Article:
When working in the shaping zone you are
establishing the orientation of the cells into their fixed shape. The further
you are from the shaping zone, the more fixed is the cells’ orientation, and
here they become a part of the tree’s structure. You can work with a tree
outside the shaping zone too, but extra care must be taken when doing so.
Otherwise you may damage the tree, and even a small damage can lead to
is one more parameter that needs to be considered when shaping a tree. It’s the
tree’s flexing range, i.e. the degree of how much you can flex the tree without
damaging it. The larger the tree’s girth is, the less is its flexing range.
When you go outside the tree’s flexing range, the cells of its branches get
damaged. If you put your ear next to the branch while flexing it, you will hear
the very audible sound of the cells rupturing. You do not even have to go much
past the normal flexing range for that. This amount of damage cannot be seen by
the naked eye, but the more excessive the bend, the more damage is being done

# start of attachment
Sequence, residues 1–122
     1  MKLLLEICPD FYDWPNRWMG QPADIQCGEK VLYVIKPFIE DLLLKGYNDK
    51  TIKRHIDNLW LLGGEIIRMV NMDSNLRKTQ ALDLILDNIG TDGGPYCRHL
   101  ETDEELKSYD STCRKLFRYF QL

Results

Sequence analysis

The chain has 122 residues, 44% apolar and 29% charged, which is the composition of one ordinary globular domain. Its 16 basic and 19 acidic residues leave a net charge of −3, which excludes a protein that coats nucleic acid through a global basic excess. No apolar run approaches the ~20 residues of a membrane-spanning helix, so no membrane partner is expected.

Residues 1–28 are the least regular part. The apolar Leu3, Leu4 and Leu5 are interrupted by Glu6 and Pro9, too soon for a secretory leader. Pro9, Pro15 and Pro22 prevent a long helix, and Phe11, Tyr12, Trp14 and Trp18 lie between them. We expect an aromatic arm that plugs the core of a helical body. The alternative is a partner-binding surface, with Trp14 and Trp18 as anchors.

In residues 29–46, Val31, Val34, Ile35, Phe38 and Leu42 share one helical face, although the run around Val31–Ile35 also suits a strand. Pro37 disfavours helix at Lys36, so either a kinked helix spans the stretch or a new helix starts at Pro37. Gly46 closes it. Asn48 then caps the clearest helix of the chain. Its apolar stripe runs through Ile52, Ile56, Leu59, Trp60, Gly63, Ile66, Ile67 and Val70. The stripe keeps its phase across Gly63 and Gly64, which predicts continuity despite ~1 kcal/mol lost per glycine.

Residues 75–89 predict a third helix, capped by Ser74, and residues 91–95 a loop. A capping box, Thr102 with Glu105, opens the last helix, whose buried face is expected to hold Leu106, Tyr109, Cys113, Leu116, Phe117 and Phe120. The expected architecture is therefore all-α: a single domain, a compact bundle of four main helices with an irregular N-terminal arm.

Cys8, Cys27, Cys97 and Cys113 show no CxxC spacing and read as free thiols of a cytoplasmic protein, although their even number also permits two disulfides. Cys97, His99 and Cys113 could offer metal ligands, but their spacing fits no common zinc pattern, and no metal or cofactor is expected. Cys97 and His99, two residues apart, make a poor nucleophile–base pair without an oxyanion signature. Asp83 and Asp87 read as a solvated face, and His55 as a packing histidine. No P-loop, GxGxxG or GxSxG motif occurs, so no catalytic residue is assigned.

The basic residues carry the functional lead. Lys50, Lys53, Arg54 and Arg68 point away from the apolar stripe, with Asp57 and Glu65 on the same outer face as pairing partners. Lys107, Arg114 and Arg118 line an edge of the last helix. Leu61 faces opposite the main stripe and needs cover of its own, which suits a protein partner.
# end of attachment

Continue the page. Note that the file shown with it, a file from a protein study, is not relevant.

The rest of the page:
to the branch and the more undesired effects you are going to get. You can
damage the tree’s vascular system, which will either slow down or stop its
growth because the tree will spend all its energy repairing itself or otherwise
the branch will simply die back. The negative effects might not appear at once
but in most cases they will appear in two-three years. And this whole time will
have been wasted.
Using the instant Arbosculpture method of bending a tree into a certain design gives the immediate impression of a finished piece. But for that one must bend the tree past its normal flexing range. We don’t use this method because the resulting damage is reprehensible. While a tree grown using the shaping zone method is already in its original shape and will continue to grow at an even, balanced and normal speed.